LONDON — I write this column from London, where I am spending six days between classes, giving several presentations on my books and current research. And indulging in a bit of nostalgia.
Three decades ago, I was ending a seven-year stint here doing my graduate studies at the London School of Economics. I never intended to stay that long, but that’s just the way it happened. London had many extraordinary advantages, but by the time I finished my Ph.D., I was more than ready to return to the United States. I was tired of being an expatriate — never quite belonging, being on the outside looking in at politics and society. I was fed up with living in unheated flats, where my hands were often stiff from cold as I typed my dissertation on a creaky portable typewriter. I had had enough of the miserable food and the gloomy weather — it was often overcast and drizzly with dusk arriving at 3:30 in the afternoon in winter.
London itself was drab and inhabited by the British, some immigrants from the Commonwealth and a few hardy Yanks. (And immigrants from Britain’s former colonies were almost all working class.) Arriving there from the Continent — which was dynamic with economic and social change – always felt like entering a rest home. And the LSE itself was a bit Dickensian — the library was one of the richest in the United Kingdom but try finding anything in it — there were no computers, no Dewey Decimal System; books were classified in dingy basements according to how large they were and when they arrived. There were not enough seats in the drafty old reading rooms for students to sit and study. Some read their books on the steps or sitting on the floor. The nice thing was that I knew this existence was temporary; I would eventually return to the U.S.
London has changed dramatically since my student days. It is much more colorful, with lots of shops with fresh vegetables and fruits, awnings, chairs and tables outside. There are many more immigrants and experts from the Continent and the East today, giving the town a more cosmopolitan flair and more dynamic air. The children of immigrants now sound English and many more of them are in high-profile, responsible jobs in the public and private sectors — despite the evident difficulties of some in feeling part of this society. The food is much better, or at least more diverse. Even the weather is brighter — less gloom or at least, so I am told. And LSE has been greatly modernized with a library full of computers and space for students to work.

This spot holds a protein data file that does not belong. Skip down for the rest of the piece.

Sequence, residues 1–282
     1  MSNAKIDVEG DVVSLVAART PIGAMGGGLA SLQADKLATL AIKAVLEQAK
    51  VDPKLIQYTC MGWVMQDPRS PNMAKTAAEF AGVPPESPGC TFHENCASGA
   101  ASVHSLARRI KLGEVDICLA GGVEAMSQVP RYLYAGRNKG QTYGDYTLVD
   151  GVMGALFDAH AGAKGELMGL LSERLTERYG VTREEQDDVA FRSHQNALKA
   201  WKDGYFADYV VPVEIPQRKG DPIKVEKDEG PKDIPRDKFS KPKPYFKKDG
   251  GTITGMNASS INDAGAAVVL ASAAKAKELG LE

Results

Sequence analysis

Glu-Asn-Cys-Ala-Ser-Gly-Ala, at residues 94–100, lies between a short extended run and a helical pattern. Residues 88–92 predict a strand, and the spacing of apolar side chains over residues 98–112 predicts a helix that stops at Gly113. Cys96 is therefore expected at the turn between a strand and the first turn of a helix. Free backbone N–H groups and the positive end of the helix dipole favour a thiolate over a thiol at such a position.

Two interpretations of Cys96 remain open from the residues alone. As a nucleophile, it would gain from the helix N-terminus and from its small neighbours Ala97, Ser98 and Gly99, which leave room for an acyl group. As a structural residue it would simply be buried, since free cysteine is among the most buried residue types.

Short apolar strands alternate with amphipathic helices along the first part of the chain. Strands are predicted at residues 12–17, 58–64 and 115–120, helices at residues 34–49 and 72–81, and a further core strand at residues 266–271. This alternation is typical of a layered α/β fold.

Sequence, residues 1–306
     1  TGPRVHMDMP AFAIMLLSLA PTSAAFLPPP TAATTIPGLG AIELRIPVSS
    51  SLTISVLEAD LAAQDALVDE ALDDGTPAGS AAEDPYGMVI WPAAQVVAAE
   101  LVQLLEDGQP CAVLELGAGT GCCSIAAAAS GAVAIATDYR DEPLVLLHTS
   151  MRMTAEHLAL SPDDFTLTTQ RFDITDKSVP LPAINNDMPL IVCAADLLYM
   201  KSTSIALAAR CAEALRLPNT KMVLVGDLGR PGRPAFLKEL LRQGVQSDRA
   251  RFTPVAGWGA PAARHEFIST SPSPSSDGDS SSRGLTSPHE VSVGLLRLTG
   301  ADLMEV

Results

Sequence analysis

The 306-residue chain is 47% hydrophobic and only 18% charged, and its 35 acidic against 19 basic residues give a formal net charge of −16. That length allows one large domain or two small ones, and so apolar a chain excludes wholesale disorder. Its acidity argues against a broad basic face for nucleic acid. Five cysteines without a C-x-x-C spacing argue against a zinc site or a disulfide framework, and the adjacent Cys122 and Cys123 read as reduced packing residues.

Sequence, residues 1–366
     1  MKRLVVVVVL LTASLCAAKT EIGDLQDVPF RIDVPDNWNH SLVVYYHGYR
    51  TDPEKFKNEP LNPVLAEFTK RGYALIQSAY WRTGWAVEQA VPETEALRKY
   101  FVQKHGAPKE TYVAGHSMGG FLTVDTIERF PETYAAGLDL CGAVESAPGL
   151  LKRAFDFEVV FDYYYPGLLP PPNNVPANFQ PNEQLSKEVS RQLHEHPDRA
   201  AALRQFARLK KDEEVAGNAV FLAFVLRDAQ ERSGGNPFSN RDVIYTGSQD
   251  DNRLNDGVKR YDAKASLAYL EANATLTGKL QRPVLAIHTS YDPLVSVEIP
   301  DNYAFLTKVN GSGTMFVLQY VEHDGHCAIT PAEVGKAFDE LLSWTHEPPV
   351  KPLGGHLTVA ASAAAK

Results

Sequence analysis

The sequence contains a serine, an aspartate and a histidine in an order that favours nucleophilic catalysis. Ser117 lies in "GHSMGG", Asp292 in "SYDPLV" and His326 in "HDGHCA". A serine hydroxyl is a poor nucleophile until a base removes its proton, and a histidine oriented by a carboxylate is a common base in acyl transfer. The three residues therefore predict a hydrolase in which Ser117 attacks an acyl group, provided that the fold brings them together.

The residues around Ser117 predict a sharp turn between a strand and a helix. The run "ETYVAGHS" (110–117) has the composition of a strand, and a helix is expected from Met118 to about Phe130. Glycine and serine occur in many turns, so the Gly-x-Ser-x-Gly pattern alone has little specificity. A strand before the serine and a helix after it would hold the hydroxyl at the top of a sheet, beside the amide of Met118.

The improvements in LSE are a result of the British government putting more money into higher education and university administrators learning to use American fundraising techniques. A lot of the visible changes in London are a direct result of Britain joining the European Union. Indeed, London feels to me much more like a European city than it ever was when I lived here. The government is still stand-offish regarding the Continent in a lot of political areas (e.g., exchanging the British pound for the Euro, supporting the U.S. in Iraq, and many other moves by the EU that Britain decided to ignore) but it is a lot more part of Europe than it has been for a thousand years. I have always thought the special relationship with America that British politicians have dreamed of since they lost the Empire was illusory and that Churchill got it wrong when he said if it came to choosing between the U.S and Europe, “each time I shall choose the open sea” — meaning, of course, the U.S.
It is hard for a visitor to gauge how deep the changes in appearance and ties with Europe go. A lot of London — the old buildings, the Underground, the Thames — is much the same as it has been for many years. Maybe the way the English think about their identity — now encompassing peoples from many lands — has changed. I would have thought that impossible when I lived here. I am not so sure now. Immigration, integration and identity are some of the really challenging issues facing most of Europe today. It takes a lot of conversing for foreigners to understand where things stand — and some of those conversations need to be outside of capital cities, in the countryside, where ideas and norms typically change more slowly. I wish I had the time.
I can’t help thinking of how I have changed too. Going back to a place where you lived and worked many years ago is like looking at yourself in a mirror from the past. I don’t have to put up with the cold; I am no longer an expat or an outsider; I don’t have to count my pennies so carefully (even with the very high prices of London today). But I realize I have come to miss some things about London: the pubs which are really the community spaces — in effect, the neighborhood living rooms — where you can causally spend time with your neighbors are a tradition that we sorely lack in the U.S.
Surprisingly, I realize also that I miss the gloom. Overcast, rainy days when evening gathers early, encouraging that interior reflection necessary for efficient thought and writing — at least for me. There is far too much sunshine in Washington, D.C. (and now, unbelievably, in London as well), to spend days and days in front of a computer.
I guess you cannot escape some of the things you learn — or unconsciously absorb — when you are a student, which is surely one of the most intense periods of your life. My education and life in London will always be a part of me, often in unexpected ways.
Just as what you take away from Georgetown will always be part of your life.
Carol Lancaster is an associate professor of politics and the director of the Mortara Center for International Studies. Behind the Podium appears every other Friday.